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Purdon Conservation Area (McDonald’s Corners) Trail Review
OK, so this isn’t just a trail review as much as it’s a rare fen wetland, and woodland, trail review. Purdon CA is quite small and even more remote, as you can see from the map. However, for about three weeks beginning in mid – June the 415 meter boardwalk loop will reward you for the drive, with an equally rare sight. In the 1930s Joe Purdon discovered a small cluster of endangered native Showy Lady’s Slipper orchids in the fen. He grew the colony to 16,000 blooms.
There are about 1.5 kms of wooded trails and a coupla lookouts included. I’ll mention here as well, if you take Hwy #7 to get here, the drive is damn-near as beautiful as the fen. This is a lovely stretch of highway to cruise. We found both the fen boardwalk and the wooded trails to be very light on mosquitoes as well.
The unpaved section of Concession 8 was severely washboarded so take your time. You have two free parking options. The trail from the first, will lead you down the ridge where the trail splits. To the left is a lovely little lookout over Purdon’s Lake complete with picnic tables and an outhouse. To the right will take you down the ridge to the orchids boardwalk. The description “difficult section” on the map just means it’s steep. Hence, the stairs.
The second free parking lot trail (also complete with picnic tables and port-a-potties), is a much more gradual decline to the level and easy walking boardwalk. While the stars of this CA are the Lady’s Slipper orchids, there are also twinflowers, pitcher plants and numerous other rarely seen fen plants. Interpretation boards are plentiful, and informative.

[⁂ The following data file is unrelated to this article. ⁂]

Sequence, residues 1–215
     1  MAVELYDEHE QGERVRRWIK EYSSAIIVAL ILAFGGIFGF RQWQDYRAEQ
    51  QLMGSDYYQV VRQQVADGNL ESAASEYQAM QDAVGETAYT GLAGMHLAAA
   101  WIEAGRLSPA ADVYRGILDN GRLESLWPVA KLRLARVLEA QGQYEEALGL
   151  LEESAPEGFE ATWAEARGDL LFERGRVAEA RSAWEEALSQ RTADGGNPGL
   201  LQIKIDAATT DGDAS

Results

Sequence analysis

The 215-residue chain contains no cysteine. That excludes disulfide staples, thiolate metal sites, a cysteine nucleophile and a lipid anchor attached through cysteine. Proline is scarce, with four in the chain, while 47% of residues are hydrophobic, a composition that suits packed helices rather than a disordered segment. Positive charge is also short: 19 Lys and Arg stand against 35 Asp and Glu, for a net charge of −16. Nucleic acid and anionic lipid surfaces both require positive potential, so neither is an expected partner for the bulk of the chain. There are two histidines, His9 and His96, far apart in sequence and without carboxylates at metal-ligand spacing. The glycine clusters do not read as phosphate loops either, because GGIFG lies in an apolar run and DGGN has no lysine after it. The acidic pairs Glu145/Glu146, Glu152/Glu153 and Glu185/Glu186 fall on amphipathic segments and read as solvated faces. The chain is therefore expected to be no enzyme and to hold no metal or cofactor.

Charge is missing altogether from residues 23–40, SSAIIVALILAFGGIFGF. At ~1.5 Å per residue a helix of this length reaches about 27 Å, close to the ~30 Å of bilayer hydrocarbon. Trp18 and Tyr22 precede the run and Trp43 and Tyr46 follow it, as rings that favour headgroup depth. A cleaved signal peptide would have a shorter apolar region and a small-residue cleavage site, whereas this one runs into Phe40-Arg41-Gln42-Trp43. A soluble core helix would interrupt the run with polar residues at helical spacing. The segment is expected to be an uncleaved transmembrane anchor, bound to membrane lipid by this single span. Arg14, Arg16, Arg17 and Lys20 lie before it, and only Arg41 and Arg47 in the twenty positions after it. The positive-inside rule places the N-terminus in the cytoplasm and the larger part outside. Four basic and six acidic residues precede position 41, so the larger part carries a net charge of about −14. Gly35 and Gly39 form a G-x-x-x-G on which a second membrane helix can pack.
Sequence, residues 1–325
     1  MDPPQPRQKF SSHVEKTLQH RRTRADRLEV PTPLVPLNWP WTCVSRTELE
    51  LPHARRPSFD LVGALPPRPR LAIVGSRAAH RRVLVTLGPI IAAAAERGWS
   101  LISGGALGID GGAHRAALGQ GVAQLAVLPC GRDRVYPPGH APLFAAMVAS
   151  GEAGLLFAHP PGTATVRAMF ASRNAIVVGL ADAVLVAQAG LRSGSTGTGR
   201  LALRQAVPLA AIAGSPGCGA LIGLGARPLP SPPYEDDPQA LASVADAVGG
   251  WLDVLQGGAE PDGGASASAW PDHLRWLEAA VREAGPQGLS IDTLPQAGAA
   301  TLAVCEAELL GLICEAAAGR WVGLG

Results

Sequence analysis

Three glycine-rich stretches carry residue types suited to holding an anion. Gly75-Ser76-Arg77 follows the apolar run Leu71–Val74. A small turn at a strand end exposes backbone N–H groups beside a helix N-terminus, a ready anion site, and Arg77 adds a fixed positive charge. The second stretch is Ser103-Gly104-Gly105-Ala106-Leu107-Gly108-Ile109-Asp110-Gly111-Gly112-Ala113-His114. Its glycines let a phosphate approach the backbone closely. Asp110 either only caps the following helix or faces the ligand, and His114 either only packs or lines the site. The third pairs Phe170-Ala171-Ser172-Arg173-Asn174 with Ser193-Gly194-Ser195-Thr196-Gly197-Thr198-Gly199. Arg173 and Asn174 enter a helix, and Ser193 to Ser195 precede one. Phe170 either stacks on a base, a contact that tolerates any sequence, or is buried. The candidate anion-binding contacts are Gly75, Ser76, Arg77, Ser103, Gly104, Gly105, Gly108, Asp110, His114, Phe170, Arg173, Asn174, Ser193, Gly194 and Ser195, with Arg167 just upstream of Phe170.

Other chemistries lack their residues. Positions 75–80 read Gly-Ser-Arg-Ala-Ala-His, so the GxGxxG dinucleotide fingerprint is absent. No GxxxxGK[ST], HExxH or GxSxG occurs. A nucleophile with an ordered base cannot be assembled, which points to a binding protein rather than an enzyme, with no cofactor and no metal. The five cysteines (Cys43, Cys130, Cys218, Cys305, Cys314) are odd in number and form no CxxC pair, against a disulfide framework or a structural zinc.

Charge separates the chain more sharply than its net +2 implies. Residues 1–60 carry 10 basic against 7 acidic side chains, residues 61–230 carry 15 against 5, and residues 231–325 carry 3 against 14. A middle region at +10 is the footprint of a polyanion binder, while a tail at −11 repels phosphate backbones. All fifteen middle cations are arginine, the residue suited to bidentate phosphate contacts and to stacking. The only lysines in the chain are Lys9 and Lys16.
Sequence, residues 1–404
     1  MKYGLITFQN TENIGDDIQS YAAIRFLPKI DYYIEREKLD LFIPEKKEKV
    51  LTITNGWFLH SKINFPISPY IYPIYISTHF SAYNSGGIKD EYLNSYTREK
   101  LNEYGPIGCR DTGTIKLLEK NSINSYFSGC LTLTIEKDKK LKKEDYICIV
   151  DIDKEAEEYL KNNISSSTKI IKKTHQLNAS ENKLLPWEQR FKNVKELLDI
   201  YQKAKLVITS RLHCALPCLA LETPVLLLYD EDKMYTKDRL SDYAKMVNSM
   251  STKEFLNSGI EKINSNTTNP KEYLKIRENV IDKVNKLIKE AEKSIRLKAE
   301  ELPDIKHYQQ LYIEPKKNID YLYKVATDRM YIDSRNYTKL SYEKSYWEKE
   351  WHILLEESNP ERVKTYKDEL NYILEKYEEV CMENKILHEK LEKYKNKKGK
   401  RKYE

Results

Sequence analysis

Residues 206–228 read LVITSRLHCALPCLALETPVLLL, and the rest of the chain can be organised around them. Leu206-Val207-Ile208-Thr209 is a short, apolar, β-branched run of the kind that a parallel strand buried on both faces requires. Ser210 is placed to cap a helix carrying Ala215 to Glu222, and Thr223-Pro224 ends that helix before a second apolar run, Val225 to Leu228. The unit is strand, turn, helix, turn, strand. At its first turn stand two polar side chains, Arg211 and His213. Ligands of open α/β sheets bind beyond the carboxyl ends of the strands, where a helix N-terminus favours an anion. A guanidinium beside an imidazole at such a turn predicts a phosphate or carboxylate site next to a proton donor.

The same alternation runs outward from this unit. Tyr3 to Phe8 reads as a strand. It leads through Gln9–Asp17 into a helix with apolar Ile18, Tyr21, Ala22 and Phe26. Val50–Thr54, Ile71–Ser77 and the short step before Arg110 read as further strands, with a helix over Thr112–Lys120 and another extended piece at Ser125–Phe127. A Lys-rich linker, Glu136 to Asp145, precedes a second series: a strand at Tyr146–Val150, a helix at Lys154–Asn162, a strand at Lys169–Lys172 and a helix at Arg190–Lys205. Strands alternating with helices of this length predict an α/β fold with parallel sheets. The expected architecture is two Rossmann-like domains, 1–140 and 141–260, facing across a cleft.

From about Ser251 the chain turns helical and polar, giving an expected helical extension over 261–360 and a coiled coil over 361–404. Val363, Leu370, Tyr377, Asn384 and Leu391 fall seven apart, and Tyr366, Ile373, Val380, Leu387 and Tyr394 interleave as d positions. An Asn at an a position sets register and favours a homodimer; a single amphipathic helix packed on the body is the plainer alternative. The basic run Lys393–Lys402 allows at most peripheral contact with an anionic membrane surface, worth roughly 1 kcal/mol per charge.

The Ted Mosquin Highland Trail branches off the boardwalk trail about halfway around. It provides a dark canopied walk between the fen pond and the base of a ridge. Huge boulders that have fallen off the ridge line the path. There’s a short boardwalk out into “Purdon’s Lake” where you’ll often see pitcher plants. Just before the trail starts to get hilly, you’ll come across a lovely little picnic site at the far West end of the lake. The hills aren’t anything to fuss about as the trail meanders through lightly forested land and some open meadows to loop back to the trail returning you to the orchid boardwalk.
Right where the Ted Mosquin Highland Trail starts, you’ll see a set of stairs. These just lead up to the pretty little lookout over Purdon’s Lake and the 1st parking lot mentioned above.
On the official Purdon CA website, they claim that the orchids are human-hand pollinated as … “These orchids don’t attract insects like other flowers”. However, while taking the macro shots below, I noticed something inside the “slipper” parts of a few of these orchids.
They appeared to be a type of “Skipper” butterfly. We saw thousands of them fluttering around the dirt road to the parking lots, and here they were right inside the orchid’s “slippers”! I have no explanation as to what they were doing in there, nor why they’d have forced their way in.
The Final Take
Yes, Purdon is a fair distance from populated centers (five hours round trip for us), and yes, the trails are short (we spent only two hours there). However, you’ll not see such a proliferation of rare species right at your feet, anywhere else. Both ample sized parking lots (ours had a dozen cars and a tour bus) are free of charge, as are the trails. Purdon recently suffered Provincial Govt cutbacks (No ! Really ?) and lost major funding so please be generous as you pass the donations box.
There are washroom facilities at the 2nd parking lot and the 1st parking lot lookout. Picnic facilities are also available at the same locations, and a 3rd location on the (single file wide) Ted Mosquin Highland Trail. The Orchids Boardwalk is wheelchair accessible from the 2nd parking lot.
There’s a handy-dandy website that will give you a “% of orchids in bloom, notification” as well as directions from any major centre from any direction here :http://mvc.on.ca/places-to-see/purdon/
Start checking it around early June.
Have a nice walk,